I am just back from Berlin.
Tan Mei asked to me to go there and show someone round. I had to choose a hotel, meet him at Tegel Airport, and spend five days with him.
I asked for more information. She just wrote: “He write about Western history and politic. He very interested in fall of East Germany but never visit. Now he got visa.”
What about other parts of Germany?
“No time”, she said.
She said his name was Zhang Wei and his English name was John. But I never used the English name.
The man I met seemed to be in his late 30’s, with a slight stoop and a receding hairline. I had been waiting for him, holding up a sign with the drivers meeting business travellers. He was travelling in jeans and trainers with a document pouch on his belt.
He smiled and nodded a lot when I met him, and extended his hand in a way that was not entirely comfortable.
His English seemed OK but when I asked him questions I realised it was less good than I at first thought — as if he had memorised a lexicon of useful phrases but had little conversational experience.
I chose a bus tour of the main sites on the first day, researching one that offered Mandarin translation. This lasted about three hours and it took us to Checkpoint Charlie and the Brandenburg Gate and the Russian War Memorial and down Karl-Marx-Allee and to the Bundestag and along some remaining sections of the Wall and down the Kurfurstendamm and so on.
I learned a lot of interesting things like the raised coloured pipes around the city are pumping water away to lower the water table, enabling piles to be driven for more tall buildings.
I tried to find out how good the translation was but when I asked he just nodded.
On the second day I took him on a guided walk along the route of wall. In the afternoon we walked to Potsdamer Platz with its new hi-rise marble, glass and steel blocks housing international lawyers and consultancy firms.
I could see Potsdamer Platz did not excite him much.
I had received no instructions about eating and so on, so I always arranged to meet him after breakfast at a fixed time before setting off on whatever excursion had been chosen. At night we had early dinners and I left him. That gave him opportunities to speak to China which is nine hours ahead of Germany.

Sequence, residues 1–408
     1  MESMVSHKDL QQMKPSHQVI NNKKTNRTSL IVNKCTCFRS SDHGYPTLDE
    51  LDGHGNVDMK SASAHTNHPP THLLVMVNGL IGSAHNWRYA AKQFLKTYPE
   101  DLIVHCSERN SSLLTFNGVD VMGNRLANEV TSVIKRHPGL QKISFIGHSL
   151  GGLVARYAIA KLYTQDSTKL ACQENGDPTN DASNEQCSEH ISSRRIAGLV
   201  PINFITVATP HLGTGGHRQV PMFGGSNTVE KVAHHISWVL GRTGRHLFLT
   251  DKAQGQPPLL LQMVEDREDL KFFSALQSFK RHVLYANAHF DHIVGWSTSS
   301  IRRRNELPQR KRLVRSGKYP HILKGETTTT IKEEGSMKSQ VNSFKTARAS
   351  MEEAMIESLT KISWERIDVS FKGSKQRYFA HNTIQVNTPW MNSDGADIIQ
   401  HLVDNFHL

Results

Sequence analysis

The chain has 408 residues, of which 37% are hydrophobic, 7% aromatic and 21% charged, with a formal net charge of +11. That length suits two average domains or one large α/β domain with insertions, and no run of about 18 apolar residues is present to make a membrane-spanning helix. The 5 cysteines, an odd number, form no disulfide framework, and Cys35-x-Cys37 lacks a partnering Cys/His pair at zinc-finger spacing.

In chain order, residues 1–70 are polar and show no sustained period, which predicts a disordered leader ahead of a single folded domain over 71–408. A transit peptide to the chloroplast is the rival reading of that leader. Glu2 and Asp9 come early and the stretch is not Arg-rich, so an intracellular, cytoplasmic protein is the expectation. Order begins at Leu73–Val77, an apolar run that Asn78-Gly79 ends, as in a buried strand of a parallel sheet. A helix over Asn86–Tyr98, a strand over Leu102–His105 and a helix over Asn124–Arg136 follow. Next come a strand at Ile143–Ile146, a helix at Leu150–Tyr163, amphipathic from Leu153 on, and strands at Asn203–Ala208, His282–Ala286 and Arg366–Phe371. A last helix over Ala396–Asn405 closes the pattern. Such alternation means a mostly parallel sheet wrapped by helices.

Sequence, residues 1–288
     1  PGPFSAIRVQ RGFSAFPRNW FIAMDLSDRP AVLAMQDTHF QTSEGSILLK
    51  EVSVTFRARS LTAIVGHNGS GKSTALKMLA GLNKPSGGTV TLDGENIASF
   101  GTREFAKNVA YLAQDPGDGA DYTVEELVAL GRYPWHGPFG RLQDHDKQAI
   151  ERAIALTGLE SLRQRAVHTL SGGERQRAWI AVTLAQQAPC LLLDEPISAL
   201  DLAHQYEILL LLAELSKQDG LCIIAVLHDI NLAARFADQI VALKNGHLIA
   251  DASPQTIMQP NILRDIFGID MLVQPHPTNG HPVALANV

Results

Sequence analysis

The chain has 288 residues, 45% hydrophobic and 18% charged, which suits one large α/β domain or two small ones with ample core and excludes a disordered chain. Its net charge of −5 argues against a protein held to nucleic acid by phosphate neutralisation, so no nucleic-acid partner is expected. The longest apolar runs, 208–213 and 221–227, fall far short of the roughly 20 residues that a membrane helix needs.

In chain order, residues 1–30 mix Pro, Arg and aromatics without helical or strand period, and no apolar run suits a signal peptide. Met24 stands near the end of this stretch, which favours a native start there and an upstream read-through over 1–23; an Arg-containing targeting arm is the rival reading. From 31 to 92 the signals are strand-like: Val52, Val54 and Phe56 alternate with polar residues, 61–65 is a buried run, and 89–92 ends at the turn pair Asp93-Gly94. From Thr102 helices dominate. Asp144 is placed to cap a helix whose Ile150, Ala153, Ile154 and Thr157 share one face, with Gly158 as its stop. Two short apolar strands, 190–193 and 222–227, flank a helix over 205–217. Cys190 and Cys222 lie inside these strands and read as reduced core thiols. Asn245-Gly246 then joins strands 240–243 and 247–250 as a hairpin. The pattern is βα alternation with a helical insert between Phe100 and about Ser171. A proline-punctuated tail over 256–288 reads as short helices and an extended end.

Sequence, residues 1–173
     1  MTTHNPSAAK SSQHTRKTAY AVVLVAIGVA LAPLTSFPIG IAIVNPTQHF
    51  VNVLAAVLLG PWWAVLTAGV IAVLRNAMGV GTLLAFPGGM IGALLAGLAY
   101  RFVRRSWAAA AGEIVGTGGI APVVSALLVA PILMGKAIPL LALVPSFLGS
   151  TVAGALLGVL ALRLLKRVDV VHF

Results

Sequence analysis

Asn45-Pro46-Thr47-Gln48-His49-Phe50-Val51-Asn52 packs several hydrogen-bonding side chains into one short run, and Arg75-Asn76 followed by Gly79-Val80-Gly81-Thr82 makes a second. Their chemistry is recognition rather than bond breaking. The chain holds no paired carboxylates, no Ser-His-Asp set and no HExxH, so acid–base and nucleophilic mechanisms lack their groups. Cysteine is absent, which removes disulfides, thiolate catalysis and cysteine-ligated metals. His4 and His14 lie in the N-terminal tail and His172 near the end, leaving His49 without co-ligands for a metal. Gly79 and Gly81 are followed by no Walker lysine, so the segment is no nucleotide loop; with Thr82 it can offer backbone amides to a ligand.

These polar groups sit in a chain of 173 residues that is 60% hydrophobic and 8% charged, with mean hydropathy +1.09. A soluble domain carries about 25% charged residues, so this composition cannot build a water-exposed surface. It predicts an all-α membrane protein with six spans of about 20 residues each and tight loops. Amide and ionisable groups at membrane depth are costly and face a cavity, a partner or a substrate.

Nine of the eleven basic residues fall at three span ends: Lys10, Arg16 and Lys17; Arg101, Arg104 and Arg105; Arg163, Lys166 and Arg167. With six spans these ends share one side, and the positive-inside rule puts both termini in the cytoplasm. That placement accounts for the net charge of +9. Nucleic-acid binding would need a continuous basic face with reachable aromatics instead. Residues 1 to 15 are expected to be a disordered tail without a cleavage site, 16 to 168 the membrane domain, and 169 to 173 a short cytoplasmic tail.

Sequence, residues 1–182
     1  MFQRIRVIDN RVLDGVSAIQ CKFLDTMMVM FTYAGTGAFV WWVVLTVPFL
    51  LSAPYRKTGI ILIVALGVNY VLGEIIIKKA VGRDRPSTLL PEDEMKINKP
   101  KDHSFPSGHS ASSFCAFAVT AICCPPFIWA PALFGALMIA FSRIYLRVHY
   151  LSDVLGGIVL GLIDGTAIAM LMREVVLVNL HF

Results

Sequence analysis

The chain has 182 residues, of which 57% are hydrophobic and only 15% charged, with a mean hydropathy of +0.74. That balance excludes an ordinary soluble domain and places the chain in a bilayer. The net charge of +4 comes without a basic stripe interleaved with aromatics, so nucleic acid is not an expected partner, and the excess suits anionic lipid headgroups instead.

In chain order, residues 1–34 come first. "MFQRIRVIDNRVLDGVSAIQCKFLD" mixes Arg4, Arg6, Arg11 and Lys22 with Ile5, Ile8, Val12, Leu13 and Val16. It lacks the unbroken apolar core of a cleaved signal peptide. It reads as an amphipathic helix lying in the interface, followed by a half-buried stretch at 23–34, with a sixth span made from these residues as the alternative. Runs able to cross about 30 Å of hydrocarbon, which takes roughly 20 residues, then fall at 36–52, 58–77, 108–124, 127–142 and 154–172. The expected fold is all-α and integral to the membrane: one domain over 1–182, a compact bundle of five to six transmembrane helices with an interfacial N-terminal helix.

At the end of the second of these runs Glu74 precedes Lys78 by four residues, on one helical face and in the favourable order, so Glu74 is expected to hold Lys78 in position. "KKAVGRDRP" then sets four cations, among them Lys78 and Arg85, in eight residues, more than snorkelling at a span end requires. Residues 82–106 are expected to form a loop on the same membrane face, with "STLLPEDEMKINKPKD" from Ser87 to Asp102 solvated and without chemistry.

As far as I could see he did not pay for anything, leave the hotel or undertake any activity on his own.
On the third day he said: “See rest of Germany”. It took me a moment to understand. I had had no instructions in this.
I said I would speak to Tan Mei. While we waited for a reply, we should do something else. I asked if he would prefer the Stasi Museum or a trip to Potsdam.
I was wondering how I would explain “secret police” or “ministry of state security” to him, bur he knew about Stasi so we chose that.
On our return before lunch there was a reply.
“Zhang Wei think Berlin very small. He see enough. Please take him another city one night.”
I replied OK. I arranged travel by train to Hamburg that afternoon and had our hotel make a booking. I think it was good for him to see the German countryside. We spent the evening and the next day there and returned the following evening to Berlin.
On our return he said: “I want talk to you in morning. I have questions.”
The next morning he had notes on a paper. I think he had been getting help from Tan Mei.
Some of the questions were factual, maybe filling in gaps in his knowledge, like: “How strong Communist Party in DDR? Still get votes? What influence?”
Another question was: “Why DDR take so long catch up?”
I had to think about the that.
I guess he was thinking China advanced so quickly after the reforms of Deng Xiaoping. Why was the DDR so slow?
I tried to answer but I was really just thinking out aloud — and he was having difficulty understanding. Pretty soon, he made a gesture that said: “Please write down for me”.
I said: “Shall I send to Tan Mei?” and he nodded.
I saw what he meant about Berlin. The great engines of Germany’s export economy were in the west — in Hamburg and Stuttgart and Dusseldorf.
Berlin had been marginalised for nearly 50 years.
To be honest where we stayed in the Mitte area reminded me of the apartment zone of a prosperous American city — smart low-rise blocks in pastel colours with trim frontages and interesting architectural flourishes. The differences were occasional lumps of Prussian masonry and the lethal bicycle lanes.
Later I found Zhang Wei is the most common name in China. It made we wonder if the name was a cover or something. I never saw his passport close up.